Natural hair blogger extraordinaire CurlyNikki on the pros of protective styling.
Calling all naturalistas: Do you have urgent tress questions? If so, you’re in luck. Every Thursday, natural hair blogger extraordinaire CurlyNikki will be solving your curly hair conundrums! Submit your questions by tweeting them to @EssenceOnline with the hashtag #AskCurlyNikki.
Check out the newest installment in CurlyNikki’s reader Q&A series:
READER QUESTION: What is protective styling? Is it necessary to achieve long lengths?
A “protective” style is one in which your hair isn’t loose. Whether your hair is twisted, braided, bunned or cornrowed beneath a weave, your strands are woven together and more resistant to breakage – plus, they hold on to moisture very well. There is some debate as to what constitutes a protective style. Some feel that two strand twists or box braids don’t meet the qualifications since your ends are still exposed to the elements. This is why I prefer the label, ‘low manipulation styles’. I consider roller sets, twists, twist-outs, braids and braid-outs low manipulation styles because once you’re done with the initial styling, you can keep your hands out of your head for three or more days. And for folks with fine hair like me, whether my ends are hidden away or not, minimizing styling time and reducing the number of times I have to style in a week, does wonders for length retention.
As with everything, protective styling may or may not be for you. I’ve seen naturals retain long, healthy, moisturized hair by washing daily and rocking ‘out’ styles. These same naturals may experience excessive tangling and matting from protective styles that hinder progress. On the flip side, I’ve watched curlies hide their hair away in intricate braided styles for weeks at a time to achieve long, strong hair. You have to experiment and figure out what works best for you. So with that, no, protective styles are not always necessary in achieving long lengths.
I’ve somehow become a protective styler, not by choice, but by necessity thanks to my very active one year old. I’ve done the bun thing (wet and dry) and more recently I’ve rocked two strand twists. While many may argue that twists are not a protective style, I would counter that they are. Although my ends are not hidden away, manipulation is very, very low. I find that my hair stays much more moisturized in twists (compared to buns) if for no other reason that I keep up a regular moisture/oil routine. When my hair is bunned and hidden away, I leave it up there and forget about it. Out of sight, out of mind. It’s rare when I take it down, moisturize the ends and seal. I also find that a week old bun is hell to detangle which can lead to set backs. It’s easy to keep my hair lubricated in the twists and by virtue of the style, it stays nearly tangle free. So for me, twists are my ideal protective style… updos and buns, less so.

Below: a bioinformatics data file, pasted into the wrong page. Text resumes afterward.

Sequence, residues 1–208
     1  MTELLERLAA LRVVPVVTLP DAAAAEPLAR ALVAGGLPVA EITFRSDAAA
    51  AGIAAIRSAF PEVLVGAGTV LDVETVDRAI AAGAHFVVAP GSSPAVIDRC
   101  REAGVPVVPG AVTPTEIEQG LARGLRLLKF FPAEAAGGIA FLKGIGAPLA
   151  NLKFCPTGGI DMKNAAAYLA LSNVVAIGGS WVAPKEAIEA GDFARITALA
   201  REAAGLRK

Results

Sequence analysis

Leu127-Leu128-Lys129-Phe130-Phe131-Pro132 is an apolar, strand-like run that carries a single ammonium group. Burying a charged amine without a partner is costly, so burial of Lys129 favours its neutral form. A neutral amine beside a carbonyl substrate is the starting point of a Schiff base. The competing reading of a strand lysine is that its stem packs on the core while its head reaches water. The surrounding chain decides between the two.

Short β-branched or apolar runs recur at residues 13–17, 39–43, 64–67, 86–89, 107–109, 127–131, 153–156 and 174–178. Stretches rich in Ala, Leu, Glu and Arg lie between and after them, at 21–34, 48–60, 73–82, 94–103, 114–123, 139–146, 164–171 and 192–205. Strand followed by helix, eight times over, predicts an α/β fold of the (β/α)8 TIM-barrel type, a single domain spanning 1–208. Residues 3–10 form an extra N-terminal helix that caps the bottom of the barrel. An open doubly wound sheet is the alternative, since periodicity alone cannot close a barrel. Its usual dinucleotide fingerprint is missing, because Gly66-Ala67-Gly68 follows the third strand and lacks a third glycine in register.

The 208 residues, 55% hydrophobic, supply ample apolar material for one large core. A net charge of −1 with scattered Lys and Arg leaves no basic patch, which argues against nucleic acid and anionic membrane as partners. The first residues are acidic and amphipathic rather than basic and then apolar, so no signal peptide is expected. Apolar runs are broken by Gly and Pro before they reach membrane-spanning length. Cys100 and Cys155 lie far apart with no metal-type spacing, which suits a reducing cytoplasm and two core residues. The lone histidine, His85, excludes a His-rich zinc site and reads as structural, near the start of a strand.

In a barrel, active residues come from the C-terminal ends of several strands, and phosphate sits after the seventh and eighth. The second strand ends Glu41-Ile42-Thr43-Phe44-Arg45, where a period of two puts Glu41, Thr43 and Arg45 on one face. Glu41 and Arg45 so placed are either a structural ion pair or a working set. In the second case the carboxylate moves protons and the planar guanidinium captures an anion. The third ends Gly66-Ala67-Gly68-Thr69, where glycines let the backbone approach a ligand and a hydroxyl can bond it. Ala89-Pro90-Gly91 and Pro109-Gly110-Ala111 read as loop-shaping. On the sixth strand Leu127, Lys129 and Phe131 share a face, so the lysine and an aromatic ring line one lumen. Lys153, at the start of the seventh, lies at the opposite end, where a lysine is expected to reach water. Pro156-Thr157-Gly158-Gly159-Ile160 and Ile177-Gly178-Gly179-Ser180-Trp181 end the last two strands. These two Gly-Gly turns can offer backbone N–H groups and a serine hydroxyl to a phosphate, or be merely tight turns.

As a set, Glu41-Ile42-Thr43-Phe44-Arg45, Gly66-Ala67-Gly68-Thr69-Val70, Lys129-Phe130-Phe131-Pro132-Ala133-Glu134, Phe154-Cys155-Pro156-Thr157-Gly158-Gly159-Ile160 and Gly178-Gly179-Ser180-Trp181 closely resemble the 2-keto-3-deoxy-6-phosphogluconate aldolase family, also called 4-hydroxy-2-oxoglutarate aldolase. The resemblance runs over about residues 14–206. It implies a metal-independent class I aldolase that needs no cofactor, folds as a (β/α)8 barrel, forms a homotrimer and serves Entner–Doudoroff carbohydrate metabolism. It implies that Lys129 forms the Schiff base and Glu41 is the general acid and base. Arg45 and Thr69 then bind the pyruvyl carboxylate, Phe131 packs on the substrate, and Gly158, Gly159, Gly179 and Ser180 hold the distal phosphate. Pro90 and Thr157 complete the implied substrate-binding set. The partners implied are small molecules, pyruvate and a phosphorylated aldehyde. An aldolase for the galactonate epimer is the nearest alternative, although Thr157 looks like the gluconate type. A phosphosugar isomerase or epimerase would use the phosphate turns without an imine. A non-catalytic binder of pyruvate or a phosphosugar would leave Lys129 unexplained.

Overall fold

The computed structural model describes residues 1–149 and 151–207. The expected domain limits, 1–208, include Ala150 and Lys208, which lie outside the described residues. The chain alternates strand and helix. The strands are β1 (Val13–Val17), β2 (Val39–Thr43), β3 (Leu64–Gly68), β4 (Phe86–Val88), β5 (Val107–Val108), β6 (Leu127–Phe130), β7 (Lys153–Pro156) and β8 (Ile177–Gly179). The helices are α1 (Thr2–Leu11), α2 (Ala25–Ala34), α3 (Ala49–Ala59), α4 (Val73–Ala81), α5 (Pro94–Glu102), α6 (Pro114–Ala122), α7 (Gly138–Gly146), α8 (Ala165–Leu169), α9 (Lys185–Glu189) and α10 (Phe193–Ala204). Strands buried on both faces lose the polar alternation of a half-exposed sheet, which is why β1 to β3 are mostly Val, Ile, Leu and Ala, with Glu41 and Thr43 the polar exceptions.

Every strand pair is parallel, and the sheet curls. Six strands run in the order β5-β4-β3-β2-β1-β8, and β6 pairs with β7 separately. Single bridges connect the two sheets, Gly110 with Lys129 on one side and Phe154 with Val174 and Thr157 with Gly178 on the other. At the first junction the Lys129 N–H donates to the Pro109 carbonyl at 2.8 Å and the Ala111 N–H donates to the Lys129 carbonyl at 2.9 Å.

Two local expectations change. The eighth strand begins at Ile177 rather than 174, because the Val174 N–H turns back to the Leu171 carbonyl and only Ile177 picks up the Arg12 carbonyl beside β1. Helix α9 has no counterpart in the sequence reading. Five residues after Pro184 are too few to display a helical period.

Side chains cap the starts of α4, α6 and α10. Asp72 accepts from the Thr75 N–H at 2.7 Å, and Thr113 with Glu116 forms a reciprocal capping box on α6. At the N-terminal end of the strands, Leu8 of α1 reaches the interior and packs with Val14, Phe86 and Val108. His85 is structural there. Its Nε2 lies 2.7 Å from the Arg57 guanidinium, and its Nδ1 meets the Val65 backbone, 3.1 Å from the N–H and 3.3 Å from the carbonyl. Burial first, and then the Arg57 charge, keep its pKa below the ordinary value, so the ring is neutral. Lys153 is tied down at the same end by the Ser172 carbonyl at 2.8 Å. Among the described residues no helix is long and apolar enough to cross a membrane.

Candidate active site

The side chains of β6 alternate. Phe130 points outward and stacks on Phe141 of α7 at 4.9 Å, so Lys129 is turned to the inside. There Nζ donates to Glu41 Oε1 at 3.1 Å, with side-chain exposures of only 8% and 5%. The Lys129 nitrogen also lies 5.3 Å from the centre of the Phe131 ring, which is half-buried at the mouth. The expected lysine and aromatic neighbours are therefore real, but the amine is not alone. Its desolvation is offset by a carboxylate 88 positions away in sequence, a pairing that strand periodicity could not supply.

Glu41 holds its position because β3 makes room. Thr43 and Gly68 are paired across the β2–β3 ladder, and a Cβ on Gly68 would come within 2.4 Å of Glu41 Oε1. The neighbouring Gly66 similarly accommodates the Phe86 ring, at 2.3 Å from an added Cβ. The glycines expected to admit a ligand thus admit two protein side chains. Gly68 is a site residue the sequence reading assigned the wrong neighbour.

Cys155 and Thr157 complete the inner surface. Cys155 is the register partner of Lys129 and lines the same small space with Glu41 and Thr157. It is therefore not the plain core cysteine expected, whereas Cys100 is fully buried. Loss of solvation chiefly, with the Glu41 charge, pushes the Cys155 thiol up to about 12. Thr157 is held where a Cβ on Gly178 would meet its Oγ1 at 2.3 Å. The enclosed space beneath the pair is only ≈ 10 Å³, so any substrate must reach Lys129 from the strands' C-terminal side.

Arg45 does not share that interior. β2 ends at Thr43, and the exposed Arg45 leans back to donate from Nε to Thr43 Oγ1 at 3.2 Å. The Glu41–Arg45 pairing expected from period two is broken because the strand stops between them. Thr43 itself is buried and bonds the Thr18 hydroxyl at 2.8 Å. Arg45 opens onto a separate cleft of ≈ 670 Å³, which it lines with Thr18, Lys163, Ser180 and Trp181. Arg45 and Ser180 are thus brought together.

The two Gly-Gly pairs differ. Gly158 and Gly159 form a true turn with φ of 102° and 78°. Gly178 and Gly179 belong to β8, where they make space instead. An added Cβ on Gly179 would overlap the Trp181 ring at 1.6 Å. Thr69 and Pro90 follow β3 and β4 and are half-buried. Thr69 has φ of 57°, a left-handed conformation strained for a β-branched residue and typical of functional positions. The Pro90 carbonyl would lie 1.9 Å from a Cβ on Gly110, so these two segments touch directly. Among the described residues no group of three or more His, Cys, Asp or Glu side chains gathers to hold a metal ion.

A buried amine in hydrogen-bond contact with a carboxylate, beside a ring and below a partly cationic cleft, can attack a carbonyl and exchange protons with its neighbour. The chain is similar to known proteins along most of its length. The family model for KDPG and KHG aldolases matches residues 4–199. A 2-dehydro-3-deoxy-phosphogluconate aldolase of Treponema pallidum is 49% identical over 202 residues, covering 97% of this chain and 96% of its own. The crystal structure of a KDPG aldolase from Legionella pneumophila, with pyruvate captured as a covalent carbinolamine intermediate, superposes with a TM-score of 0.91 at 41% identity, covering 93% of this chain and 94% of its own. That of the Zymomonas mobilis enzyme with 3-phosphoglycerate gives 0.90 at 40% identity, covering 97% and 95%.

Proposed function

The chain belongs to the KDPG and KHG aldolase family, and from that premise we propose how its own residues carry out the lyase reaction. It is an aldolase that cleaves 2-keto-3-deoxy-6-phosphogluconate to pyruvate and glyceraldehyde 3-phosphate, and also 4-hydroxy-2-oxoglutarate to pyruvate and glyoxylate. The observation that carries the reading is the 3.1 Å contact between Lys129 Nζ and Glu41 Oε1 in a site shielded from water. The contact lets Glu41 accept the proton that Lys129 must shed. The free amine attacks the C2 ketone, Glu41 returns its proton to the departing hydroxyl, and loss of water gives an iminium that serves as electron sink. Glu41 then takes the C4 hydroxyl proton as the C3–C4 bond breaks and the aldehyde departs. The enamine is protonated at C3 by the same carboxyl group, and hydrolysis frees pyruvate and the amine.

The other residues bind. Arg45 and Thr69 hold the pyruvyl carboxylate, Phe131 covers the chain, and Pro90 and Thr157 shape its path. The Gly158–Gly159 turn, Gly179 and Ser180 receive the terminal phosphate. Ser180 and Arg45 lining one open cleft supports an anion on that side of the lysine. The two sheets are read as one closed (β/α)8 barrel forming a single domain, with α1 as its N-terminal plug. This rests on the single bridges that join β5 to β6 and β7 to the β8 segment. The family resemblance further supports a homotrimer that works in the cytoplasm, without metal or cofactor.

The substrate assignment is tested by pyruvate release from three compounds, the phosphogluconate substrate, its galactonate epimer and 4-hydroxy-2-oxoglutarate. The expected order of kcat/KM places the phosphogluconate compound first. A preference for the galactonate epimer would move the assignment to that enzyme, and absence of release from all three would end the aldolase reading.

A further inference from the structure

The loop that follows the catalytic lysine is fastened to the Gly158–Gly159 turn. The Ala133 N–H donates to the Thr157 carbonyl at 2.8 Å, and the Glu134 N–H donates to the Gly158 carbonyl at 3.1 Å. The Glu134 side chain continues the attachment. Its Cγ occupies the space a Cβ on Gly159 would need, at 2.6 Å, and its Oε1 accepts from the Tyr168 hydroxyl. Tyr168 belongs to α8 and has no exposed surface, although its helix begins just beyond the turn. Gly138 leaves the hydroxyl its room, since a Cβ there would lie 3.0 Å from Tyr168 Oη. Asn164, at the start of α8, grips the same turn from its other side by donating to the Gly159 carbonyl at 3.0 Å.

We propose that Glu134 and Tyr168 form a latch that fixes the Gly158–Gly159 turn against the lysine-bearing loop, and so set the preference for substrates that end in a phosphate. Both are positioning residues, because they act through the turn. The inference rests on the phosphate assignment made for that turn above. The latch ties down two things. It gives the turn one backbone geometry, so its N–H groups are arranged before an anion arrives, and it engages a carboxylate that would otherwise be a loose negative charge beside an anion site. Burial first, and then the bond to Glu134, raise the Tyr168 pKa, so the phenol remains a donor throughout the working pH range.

As with everything, less is more! So if you decide to venture into protective styling, make sure your style of choice isn’t stressing your edges, and that you don’t leave it in too long, and that you continue to moisturize your hair even while it’s protected. Continuously reassess your hair’s health and tweak your regimen as you go! Have fun and happy hair growing!
Nikki “CurlyNikki” Walton is a successful psychotherapist and creator of one of the most credible online sources about natural haircare, maintenance, and decoding the psychological ties between black women and their hair. Visit her at her blog CurlyNikki or follow her on Twitter @CurlyNikki.
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